My wife and I drove from LA to San Diego with ample trepidation, having read the scorching reviews that have not improved in the month that this show has had to gestate. I don't know what Todd is going for, but Joe Jackson's touching, energetic, and professional set could not have prepared the casual observer for the calamity that was to follow.
I am one of the converted. I have proudly turned on friends and my wife to the genius and beauty of Todd's talent as a songwriter and a maverick performer. But his own performance does more to destroy Todd's legacy than any negative review could.
After watching Todd flippantly butcher virtually every piece of recording gold he has produced into a steaming pile of raw hamburger meat--turning what should have been a glorious opportunity to reconnect with casual fans and prove he is still relevant into an unfunny and uncomfortable court jester act--judging by the intermittent traffic for the exits, bathrooms, or bar during every song that wasn't Hello It's Me, did not fool anyone.
I'll start with the good: Todd had a good night at the piano. He made it through every song without having to stop or correct himself (although he did make a comment about forgetting the chords near the end of Hello It's Me). Todd, Ethel, and Joe at the end were brilliant together. But the road to redemption was muddy and riddled with potholes.
There's something irritating about shelling out real money to witness a disingenuously transparent performance. It seemed that rather than just playing his songs, Todd was taking every opportunity to digress from their original beauty to amuse himself. It was like being on a joyride with your drunk uncle in his jalopy death car. Todd found it impossible to just play a faithful version of ONE of his hits: Hello was marred by an energy-sucking tempo shift right about the time the song should transcend into pure bliss. I Saw the Light was the With a Twist version saddled with random, unintended tempo shifts. Bang on the Uke was actually good--at least better than the version on One Long Year. It Wouldn't Have Made Any Difference could have made a difference had Todd not mailed it in with a 12-cent stamp. Lysistrada was ham-fisted, with Todd's voice still wontonly strangling his lyrics rather than letting them flow from him.
And the setlist: How can a trail-blazing genius who early in his career made a point that he did not want to make a string of Something/Anything? follow-ups because it was artistically limiting be content with playing the same freaking 10 songs in solo performance year in and year out? And poorly at that? Starting out a concert with 3 songs (Love of the Common, Cliche and Black n White) from the same album made me wonder: Is there a 20-year anniversary re-release of Faithful that Todd is promoting? And a distorted acoustic version of Black n White? My wife said if she heard him performing that at an open mic (cuz that's just where her free-form association took her), she would have to leave the room out of pure annoyance. Afterlife: Oh melody, wherefore art thou? Song of the Viking, while played brilliantly, still has the annoying and painfully unfunny (no audience reaction after every ironic misogynistic quip) break near the end before returning to the actual song.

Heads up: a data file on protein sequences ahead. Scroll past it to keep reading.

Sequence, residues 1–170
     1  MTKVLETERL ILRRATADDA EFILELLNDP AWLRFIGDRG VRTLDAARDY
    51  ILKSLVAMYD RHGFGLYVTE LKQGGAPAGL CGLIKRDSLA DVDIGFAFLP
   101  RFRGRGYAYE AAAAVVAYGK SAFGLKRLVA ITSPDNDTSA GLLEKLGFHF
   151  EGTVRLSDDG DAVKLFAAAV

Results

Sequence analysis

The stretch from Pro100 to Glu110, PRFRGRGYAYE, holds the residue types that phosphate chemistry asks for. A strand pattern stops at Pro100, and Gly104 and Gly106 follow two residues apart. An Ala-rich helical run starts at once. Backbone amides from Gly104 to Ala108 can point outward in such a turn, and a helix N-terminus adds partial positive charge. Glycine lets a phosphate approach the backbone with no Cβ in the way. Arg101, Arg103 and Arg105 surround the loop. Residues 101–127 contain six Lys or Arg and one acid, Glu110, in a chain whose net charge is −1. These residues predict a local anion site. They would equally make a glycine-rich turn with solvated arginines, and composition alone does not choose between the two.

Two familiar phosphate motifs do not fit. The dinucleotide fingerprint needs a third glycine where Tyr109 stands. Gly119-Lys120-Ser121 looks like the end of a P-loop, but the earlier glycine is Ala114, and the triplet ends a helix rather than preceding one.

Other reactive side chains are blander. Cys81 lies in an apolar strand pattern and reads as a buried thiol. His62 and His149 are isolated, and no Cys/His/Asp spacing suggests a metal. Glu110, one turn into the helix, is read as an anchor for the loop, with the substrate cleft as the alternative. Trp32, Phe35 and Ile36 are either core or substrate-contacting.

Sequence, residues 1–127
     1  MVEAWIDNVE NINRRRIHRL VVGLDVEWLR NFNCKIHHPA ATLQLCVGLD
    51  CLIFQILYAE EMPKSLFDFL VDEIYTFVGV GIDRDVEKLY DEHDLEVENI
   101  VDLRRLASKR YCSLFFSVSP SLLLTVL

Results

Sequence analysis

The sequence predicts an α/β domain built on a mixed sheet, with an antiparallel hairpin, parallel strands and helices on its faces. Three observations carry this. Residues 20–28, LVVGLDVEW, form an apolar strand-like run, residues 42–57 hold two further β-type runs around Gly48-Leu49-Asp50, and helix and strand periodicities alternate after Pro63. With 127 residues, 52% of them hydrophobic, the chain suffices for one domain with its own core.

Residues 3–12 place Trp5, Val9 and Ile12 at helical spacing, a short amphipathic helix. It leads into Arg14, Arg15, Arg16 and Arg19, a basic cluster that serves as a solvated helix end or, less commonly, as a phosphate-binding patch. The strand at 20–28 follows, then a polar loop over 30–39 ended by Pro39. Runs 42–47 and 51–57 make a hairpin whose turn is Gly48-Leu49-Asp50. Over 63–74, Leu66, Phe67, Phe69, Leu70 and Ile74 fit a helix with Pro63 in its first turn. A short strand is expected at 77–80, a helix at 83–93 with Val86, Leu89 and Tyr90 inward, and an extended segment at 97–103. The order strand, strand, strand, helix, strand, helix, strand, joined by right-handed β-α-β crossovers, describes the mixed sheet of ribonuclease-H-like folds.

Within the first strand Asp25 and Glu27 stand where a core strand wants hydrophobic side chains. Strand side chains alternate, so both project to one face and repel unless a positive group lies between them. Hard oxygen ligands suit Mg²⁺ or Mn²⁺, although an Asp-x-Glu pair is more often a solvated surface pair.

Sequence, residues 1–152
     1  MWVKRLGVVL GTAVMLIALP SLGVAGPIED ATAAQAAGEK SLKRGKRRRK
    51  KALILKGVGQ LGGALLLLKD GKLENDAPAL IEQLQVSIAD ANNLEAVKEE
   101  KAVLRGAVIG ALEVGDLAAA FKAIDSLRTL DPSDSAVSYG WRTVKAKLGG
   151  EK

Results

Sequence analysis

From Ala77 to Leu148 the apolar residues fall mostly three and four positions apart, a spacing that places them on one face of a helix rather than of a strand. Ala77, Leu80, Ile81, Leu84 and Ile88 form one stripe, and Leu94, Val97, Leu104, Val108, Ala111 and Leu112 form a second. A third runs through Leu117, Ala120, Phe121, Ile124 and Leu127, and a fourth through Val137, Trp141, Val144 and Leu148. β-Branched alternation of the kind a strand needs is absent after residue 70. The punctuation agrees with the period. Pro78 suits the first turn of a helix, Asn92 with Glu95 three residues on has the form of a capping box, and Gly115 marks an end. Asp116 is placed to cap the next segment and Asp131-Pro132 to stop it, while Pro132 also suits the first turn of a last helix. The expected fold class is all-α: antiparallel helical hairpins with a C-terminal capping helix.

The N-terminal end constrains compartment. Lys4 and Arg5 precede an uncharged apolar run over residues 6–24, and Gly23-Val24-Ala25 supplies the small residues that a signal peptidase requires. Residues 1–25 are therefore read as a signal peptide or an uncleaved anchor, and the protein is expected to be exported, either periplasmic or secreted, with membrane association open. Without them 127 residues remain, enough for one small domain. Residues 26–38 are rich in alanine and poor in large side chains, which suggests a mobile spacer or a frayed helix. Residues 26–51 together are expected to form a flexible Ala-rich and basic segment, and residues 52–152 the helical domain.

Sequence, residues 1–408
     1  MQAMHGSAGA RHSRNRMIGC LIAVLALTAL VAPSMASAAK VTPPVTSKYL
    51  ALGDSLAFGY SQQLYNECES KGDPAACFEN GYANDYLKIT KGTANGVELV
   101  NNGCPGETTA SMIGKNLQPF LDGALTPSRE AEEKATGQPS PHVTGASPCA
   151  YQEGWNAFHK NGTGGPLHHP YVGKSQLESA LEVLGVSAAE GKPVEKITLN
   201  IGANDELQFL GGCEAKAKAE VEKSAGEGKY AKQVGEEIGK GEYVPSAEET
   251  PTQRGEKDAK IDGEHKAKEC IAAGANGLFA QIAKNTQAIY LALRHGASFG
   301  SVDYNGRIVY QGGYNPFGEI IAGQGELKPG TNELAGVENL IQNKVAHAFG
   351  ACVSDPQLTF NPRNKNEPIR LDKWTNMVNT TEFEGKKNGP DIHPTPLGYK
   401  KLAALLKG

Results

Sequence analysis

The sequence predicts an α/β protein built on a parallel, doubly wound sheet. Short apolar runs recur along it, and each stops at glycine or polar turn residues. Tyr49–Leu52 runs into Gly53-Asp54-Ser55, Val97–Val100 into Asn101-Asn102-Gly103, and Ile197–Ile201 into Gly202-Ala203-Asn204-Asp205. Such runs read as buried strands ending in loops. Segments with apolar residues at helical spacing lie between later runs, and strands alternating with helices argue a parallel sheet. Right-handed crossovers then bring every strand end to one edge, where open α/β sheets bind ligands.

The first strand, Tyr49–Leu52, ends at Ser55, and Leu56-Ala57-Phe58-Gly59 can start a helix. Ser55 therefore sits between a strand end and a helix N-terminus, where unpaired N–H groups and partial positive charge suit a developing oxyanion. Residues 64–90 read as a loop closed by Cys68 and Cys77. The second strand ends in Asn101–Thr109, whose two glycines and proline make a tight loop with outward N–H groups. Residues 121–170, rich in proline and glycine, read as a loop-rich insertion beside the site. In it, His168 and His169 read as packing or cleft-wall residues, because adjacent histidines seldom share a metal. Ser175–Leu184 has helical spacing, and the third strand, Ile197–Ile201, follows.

There's no doubt: Todd is preaching to the choir on this tour. And because of performances like last night's, the congregation is getting smaller and smaller. And less forgiving.
It could have been a beautiful evening. Ethel was dynamic and precise. Joe was amusing and had the respect for his own song catalog and the audience in delivering faithful--but not mechanical--versions of his tunes. And Todd came out like he was fronting a band that only he could hear in his ear monitor. No enunciation. Guitar playing that seemed to disregard the fact that there were not other instruments to cover up the series of flubs. Where was the pride? When you find yourself thinking that a tribute band would play the music with more respect and precision, it's a sad day indeed.
Forget about casting the first stone. That was in Melbourne. Don't take the money of your fans if your heart's not in it. Just the tone of Todd's "apology" after that first disastrous show--blaming the monitors, being distracted by the big picture of the "whole show," getting offended at being called out by his brusque attitude and failed attempts at "humor"--was a bad omen. To simply apologize and promise to do better--and actually doing it--would have been sufficient.
Here are some things that could have made this night magic: More piano!
Hope I'm Around A Long Time, A Long Way to Go We Gotta Get You a Woman Marlene Torch SongDump Hide Your Love Away! Why, Todd, Why? Eventhough you were fully engaged for that number, it certainly pales in comparison with Joe's spectacular Life on Mars. Besides, you've pulled that one out of your ass for over 10 years. Don't Hurt Yourself Resolution, Take the Hand, It's Not That Easy: hey, hello it's me was once a Nazz tune, remember? These are all worthy songs that, to my knowledge have not been pulled out of the attic for 20+ years!
Sorry to be harsh, but Todd can handle it. A man with an ego big enough to justify this un-Godly string of performances certainly has attitude to burn.